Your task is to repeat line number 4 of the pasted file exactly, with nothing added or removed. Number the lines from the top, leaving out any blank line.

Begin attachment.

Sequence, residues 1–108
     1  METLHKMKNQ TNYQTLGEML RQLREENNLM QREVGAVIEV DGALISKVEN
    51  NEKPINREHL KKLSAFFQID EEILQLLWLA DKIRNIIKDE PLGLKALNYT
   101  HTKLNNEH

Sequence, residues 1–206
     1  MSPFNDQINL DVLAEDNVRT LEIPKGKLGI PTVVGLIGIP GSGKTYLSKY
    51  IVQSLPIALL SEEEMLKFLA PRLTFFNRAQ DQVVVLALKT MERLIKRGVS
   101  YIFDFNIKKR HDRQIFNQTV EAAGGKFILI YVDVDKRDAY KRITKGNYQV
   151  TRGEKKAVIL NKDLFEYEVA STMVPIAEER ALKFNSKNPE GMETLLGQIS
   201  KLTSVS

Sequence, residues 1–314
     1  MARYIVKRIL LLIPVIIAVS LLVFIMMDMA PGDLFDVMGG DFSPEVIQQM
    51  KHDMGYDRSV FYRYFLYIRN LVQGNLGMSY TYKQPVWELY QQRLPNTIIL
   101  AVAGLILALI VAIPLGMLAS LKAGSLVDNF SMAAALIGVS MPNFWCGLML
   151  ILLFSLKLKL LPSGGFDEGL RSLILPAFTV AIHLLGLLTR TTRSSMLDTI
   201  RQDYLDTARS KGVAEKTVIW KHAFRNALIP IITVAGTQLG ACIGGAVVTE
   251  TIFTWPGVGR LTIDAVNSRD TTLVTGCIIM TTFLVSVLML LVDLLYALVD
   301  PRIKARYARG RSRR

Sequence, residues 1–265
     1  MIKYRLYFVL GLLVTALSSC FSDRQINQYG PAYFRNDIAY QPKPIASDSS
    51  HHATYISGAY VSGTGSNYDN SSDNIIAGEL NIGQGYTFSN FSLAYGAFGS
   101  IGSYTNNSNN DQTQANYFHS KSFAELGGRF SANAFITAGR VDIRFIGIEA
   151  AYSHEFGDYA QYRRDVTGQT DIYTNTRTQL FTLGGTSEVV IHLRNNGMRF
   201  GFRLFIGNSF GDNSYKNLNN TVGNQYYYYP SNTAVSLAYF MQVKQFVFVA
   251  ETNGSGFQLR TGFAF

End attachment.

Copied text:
   101  HTKLNNEH